I just recently purchased the ECS A55F2-M3, FM2 Motherboard.

I have a couple pictures to show you:

I think it is a voltage regulator that had went up in flames.

My questions are:

  • What caused this to happen?
  • Could this have happened because of my power supply (only a 220W stock HP PSU) or was this a manufacturing defect?
  • What will I have to do? Buy a new motherboard?
  • 2
    My guess is a manufacturing defect caused a short between the layers of the PCB. – Daniel R Hicks Jan 1 '13 at 21:25
  • 1
    wierdly the voltage regulator looks fine. They don't even look singed. – Journeyman Geek Jan 2 '13 at 0:31
  • My dad cleaned off the burned areas to clear it up a little more. – Thomas W. Jan 2 '13 at 2:06

What cause?

I acutally suspect the protective paint covering the middle leg has impurities, maybe some metalic fragment or even dirt mixed from air flow, during the manufacturing process.

It may not has problem during testing phrase in factory, but accumulated too much heat during actual use.

It can be seen from the photo that the paint cover was almost completely gone while not much damage to the chip. There is a small burn mark on the corner of the chip but that is from the fire of the burning paint.

The chip packaging is intact. So the chip did not burn itself.

Related to PSU?

Really doubt. This is motherboard manufacturing defect.

Buy a new mother board?

You do need a replacement. Contact your seller and arrange RMA shipment. You may have to pay for one-way (not both ways) shipment. The whole process can from 2 weeks to 2 months(there is no standard and depends on situation). You have to confirm that with your seller.

If you are in a hurry to build the machine, then yes, you may have to buy an extra board.

  • Well you gave me a wonderful answer, thank you so much, and some of the burn marks arent there because we cleaned it off a little with paper towel to get a better look, but other than that, you answered 100%, thanks. – Thomas W. Jan 2 '13 at 2:16

If this is a new motherboard, it must be a manufacturing defect. An underpowered PSU shouldn't cause damage to the motherboard, and no matter how overpowered one might be, the motherboard will only draw as much current that it needs.

I would contact ECS for a replacement. Hopefully it is under warranty.

  • Perhaps too little or too much power headroom is not itself a problem, but a poorly regulated PSU can harm other components in the system, and most PSUs only regulate well within the specified range of loads. – Ben Voigt Jan 1 '13 at 21:30
  • I am actually thinking of going with an Asus motherboard, but need to know if it will do better. The Asus is an A85X chipset. edit Guy up top said I should go with a Gigabyte, so ill look for one of those. – Thomas W. Jan 1 '13 at 21:31
  • @BenVoigt That is true. However, unless the PSU catches fire itself, I doubt it would cause problems such as what was pictured. Poor power regulation can cause hardware failure, but I doubt it could cause the motherboard to catch fire. – Ben Richards Jan 1 '13 at 21:45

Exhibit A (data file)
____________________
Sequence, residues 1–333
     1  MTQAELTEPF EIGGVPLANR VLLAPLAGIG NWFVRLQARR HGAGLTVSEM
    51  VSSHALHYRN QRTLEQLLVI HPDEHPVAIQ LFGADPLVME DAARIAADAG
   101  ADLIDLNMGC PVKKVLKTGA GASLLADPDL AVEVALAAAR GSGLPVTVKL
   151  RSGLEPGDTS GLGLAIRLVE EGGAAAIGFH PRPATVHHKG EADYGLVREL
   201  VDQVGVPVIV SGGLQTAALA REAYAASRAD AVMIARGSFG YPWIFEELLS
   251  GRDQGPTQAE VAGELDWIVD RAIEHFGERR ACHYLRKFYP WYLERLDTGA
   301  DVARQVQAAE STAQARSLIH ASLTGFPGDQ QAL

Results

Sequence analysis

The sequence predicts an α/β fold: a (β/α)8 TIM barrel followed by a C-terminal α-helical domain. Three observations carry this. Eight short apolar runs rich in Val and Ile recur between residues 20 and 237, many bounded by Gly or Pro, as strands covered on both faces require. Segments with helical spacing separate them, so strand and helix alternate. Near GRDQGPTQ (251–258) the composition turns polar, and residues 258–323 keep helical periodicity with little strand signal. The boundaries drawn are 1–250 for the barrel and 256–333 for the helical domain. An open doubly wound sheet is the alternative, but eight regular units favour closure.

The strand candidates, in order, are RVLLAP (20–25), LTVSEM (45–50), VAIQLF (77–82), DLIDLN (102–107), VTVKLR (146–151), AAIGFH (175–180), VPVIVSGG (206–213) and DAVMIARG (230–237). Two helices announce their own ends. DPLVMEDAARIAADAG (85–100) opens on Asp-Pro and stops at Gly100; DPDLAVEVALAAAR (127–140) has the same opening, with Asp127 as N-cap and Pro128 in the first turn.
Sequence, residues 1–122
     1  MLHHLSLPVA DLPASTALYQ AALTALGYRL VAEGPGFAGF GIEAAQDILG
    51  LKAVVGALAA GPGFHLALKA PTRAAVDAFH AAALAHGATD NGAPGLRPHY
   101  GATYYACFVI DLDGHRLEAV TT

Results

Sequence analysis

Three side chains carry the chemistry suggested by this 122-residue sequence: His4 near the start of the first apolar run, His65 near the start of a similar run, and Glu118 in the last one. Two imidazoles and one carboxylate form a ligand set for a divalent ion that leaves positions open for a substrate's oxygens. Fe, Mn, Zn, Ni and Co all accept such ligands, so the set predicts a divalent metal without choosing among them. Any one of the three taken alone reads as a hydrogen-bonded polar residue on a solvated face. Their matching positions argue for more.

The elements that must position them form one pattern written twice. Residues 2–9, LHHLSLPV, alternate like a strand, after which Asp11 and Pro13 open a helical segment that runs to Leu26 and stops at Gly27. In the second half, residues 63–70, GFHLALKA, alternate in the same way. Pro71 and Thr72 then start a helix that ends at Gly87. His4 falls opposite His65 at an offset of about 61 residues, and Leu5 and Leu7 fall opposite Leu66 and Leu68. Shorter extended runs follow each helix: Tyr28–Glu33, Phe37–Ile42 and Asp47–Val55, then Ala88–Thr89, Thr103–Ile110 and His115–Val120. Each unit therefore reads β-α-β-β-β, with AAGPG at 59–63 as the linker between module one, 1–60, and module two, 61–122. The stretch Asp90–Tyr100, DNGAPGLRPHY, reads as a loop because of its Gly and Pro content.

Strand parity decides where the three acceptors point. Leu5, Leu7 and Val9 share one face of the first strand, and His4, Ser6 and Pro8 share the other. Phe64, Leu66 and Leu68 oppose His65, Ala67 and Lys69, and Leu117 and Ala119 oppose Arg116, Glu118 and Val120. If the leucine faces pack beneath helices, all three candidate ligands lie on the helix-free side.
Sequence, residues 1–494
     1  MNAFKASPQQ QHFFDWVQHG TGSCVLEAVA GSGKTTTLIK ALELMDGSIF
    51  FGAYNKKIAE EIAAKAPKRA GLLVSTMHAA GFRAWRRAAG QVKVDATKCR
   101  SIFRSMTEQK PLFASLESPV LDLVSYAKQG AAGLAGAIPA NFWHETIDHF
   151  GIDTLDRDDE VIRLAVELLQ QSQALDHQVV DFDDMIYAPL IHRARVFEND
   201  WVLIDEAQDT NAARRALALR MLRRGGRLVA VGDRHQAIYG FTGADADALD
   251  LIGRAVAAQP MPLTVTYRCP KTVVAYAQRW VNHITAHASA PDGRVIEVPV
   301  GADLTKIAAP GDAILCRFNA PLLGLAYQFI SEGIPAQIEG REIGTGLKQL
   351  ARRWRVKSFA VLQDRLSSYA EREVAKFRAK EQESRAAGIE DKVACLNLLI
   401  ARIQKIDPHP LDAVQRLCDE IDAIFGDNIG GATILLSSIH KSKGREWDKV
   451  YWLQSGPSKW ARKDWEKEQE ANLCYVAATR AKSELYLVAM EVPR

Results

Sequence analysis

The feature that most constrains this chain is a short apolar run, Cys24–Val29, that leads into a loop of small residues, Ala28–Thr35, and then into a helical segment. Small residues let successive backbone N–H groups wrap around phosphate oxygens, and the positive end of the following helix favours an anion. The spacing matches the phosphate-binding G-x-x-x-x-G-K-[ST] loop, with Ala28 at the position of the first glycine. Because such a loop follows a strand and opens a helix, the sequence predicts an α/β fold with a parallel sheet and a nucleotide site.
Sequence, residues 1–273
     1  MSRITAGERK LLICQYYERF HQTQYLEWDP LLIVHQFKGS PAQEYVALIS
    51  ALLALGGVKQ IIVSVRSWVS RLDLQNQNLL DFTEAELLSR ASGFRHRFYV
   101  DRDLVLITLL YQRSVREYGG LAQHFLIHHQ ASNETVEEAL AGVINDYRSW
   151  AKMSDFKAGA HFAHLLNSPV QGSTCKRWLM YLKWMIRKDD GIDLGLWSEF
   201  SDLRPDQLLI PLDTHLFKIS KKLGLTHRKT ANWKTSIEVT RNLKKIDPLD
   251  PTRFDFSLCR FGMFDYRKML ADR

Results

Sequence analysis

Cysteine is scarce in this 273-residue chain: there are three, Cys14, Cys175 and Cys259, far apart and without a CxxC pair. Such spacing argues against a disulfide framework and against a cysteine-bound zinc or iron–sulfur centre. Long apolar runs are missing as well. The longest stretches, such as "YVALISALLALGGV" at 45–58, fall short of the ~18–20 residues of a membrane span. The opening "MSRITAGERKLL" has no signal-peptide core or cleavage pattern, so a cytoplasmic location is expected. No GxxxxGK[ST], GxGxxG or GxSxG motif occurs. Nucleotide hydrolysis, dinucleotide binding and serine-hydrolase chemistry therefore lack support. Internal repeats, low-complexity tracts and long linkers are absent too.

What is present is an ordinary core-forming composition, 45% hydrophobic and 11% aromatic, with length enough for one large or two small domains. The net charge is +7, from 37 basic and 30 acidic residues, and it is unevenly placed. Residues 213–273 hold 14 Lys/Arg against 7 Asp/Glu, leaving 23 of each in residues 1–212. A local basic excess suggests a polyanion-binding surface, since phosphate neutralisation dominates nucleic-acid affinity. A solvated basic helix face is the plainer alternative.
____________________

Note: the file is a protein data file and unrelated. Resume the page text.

• A number of years ago, I had a properly-spec'd PSU that caused very similar damage to three motherboards (2 different manufacturers). The PSU itself appeared fine on the surface - no fire, no visible failure, but after replacing the PSU along with the last motherboard, I had no further problems. – alroc Jan 31 '13 at 13:40
  • 1
    @Ben Richards - I'm not saying that it's impossible that it's strictly a motherboard defect. Just pointing out that it is possible for the PSU to cause motherboard components to fail. I don't feel it's appropriate to state that it's most likely not the PSU without evidence that the PSU is functioning properly - it really ought to be tested, else the new motherboard may suffer the same fate in the future. – alroc Jan 31 '13 at 21:49

It is definitely not because of lack of wattage. I would rather bet on manufactured defect, ut it also would not surprise me if that was PSU's fault. In the end of the day, your warranty service should accept the motherboard as it is almost impossible to know whether it was burned on purpose, due to PSU or due to poor microschemes/conductors, etc.

  • I have a bunch a parts coming, new PSU, GPU, and I already have the A10 5700. Would you recommend me getting a new motherboard or get the replacement from ECS, because I will be playing a good bit of games on this system. If you need specs let me know. Because I did find an Asus motherboard, and want to know if that would do better than the ECS. – Thomas W. Jan 1 '13 at 21:29
  • If you want a good motherboard, I would go for Intel products. However, they are not cheap. Next I would pick Gigabyte. Asus has never been a good motherboard manufacturer and for its "AsRock" is often regarded as "AssRock". – Ernestas Jan 1 '13 at 21:31
  • Well I do have a A10 5700 so I can not get an intel motherboard. – Thomas W. Jan 1 '13 at 21:32
  • newegg.com/Product/Product.aspx?Item=N82E16813128570 You think this motherboard will do me good. – Thomas W. Jan 1 '13 at 21:38
  • Yes, it has more memory sockets, more expansion slots, has a more reasonable audio chipset and etc. – Ernestas Jan 1 '13 at 22:02

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